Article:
The vicious gang-rape of an innocent woman who, by circumstances, was forced to seek help in the middle of her travel between Lahore to Gujranwala highlights how, once again, Pakistani society has failed to uphold or protect the rights of women. The lack of societal awareness becomes even more prominent when police officers pass statements implying that the victim, a mother of two, should have known better than to travel late at night or stop in the middle of the motorway. Upon deconstruction, what this statement implies is that the victim is at fault, even though this could not be farther from the truth.

The perpetrators of the attack must naturally take the blame, but the fact that Motorway Police failed to show up even after a call was made, means that the authorities are also at fault, even if they might try to deflect. The police department in general must not look to absolve itself either, considering that the conviction rate of rape cases is currently 4 percent. This is down to failure in investigation and collection of evidence; so before Lahore Capital City Police Officer (CCPO) Umar Sheikh looks to make such irresponsible and callous remarks again, perhaps he should address the rot within his own institution first.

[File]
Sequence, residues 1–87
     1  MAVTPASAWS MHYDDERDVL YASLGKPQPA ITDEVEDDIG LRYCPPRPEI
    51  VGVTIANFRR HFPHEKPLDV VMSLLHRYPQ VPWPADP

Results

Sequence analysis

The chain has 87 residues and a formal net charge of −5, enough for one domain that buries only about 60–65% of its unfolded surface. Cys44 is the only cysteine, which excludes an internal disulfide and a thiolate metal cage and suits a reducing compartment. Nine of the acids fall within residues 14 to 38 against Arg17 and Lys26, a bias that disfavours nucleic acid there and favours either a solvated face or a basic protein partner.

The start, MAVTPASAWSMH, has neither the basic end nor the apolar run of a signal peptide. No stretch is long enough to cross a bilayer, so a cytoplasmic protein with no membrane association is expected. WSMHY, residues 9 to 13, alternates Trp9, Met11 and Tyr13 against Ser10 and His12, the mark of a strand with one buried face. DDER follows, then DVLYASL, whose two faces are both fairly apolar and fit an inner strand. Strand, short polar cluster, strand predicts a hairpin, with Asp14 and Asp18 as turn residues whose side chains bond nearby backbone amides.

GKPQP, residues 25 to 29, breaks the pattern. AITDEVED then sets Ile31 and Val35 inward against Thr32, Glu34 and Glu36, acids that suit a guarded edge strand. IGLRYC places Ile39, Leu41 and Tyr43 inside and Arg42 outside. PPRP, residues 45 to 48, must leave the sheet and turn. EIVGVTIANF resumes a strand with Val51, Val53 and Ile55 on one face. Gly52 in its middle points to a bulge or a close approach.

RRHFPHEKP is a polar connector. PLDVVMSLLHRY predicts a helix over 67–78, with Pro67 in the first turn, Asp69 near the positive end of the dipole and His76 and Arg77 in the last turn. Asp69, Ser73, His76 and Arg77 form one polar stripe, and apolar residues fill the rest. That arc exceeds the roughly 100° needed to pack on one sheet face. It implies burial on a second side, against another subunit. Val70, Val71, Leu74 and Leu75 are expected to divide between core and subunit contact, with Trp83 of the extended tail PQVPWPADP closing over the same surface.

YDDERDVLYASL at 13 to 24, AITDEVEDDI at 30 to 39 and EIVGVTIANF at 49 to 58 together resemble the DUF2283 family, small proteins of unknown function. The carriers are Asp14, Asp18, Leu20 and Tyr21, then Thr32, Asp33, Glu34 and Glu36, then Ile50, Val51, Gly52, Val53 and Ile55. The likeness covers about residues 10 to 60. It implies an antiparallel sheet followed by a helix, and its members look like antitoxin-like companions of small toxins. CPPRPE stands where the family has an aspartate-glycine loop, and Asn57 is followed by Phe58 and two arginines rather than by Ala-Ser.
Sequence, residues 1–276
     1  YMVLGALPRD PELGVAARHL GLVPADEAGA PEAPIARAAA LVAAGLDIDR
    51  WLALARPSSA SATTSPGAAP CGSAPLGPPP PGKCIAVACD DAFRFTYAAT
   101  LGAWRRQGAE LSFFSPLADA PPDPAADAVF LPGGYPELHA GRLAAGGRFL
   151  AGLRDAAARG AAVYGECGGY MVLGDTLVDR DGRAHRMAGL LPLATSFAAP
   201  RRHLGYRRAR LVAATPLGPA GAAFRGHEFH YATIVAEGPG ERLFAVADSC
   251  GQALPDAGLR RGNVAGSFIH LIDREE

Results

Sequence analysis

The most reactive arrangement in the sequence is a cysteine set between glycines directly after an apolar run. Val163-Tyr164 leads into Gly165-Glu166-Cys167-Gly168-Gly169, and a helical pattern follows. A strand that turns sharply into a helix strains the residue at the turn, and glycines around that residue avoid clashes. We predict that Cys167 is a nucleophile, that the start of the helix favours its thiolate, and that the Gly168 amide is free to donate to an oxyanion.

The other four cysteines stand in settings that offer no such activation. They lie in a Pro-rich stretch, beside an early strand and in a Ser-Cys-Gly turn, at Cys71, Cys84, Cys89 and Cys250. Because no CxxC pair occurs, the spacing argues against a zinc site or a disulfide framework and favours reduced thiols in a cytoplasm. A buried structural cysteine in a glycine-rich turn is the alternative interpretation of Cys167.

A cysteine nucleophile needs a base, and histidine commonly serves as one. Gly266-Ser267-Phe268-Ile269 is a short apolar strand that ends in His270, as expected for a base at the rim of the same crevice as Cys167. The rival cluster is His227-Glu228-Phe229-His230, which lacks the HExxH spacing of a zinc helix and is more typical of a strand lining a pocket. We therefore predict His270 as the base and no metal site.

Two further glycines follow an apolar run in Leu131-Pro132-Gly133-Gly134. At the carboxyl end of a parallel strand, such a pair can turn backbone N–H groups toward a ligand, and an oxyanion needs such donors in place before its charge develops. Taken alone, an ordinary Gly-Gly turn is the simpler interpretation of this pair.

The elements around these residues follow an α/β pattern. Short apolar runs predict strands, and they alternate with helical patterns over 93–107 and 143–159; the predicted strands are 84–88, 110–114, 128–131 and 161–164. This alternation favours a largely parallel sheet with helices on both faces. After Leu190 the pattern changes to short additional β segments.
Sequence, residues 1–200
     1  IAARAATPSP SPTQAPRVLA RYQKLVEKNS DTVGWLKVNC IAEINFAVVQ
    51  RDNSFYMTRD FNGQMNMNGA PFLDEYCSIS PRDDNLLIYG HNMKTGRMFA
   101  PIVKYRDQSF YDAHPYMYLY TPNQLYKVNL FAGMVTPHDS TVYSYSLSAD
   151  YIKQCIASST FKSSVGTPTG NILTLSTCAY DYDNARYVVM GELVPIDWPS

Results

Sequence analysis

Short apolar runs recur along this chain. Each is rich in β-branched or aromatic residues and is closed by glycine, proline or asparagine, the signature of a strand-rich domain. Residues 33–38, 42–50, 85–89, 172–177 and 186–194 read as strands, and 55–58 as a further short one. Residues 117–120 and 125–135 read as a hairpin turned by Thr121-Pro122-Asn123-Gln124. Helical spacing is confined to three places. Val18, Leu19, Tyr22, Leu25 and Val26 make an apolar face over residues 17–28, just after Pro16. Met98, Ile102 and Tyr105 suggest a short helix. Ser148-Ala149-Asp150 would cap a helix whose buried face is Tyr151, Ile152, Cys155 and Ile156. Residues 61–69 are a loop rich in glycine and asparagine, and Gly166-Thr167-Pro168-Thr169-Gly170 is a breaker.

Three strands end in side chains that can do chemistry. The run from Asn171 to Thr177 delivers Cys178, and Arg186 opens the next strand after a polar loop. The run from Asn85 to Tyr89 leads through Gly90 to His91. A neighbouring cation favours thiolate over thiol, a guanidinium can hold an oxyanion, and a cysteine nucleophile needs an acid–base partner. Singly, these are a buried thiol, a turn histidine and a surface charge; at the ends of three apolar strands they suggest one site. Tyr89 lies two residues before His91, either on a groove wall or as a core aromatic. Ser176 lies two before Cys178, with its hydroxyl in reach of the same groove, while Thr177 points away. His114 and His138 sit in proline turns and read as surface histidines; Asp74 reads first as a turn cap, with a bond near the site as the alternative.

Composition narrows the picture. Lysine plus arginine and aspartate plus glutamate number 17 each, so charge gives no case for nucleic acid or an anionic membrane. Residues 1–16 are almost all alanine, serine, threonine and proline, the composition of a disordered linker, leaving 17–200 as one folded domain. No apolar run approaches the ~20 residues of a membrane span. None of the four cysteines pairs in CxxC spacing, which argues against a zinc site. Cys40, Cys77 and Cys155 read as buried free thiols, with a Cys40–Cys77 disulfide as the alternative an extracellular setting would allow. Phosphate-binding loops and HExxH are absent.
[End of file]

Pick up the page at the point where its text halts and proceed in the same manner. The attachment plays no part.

Beyond this, until we recognise that this case and countless others before it are a societal failing, all the outrage and calls for public hanging are inconsequential. There is a reason men do not fear the consequences when they commit such crimes; the culture of impunity almost always ensures that they do not face justice. Meanwhile, society begins debates such as why the woman would have left the house so late at night, or why she could not have taken a different route.

Ultimately, all these talking points are plain inconsequential. We choose to look the other way at such incidents, and then wonder why women are attacked on a daily basis in Pakistan. There is an urgent need for us to move beyond just ‘respecting’ women, to actually treating them like equal human beings with all the rights and privileges men possess.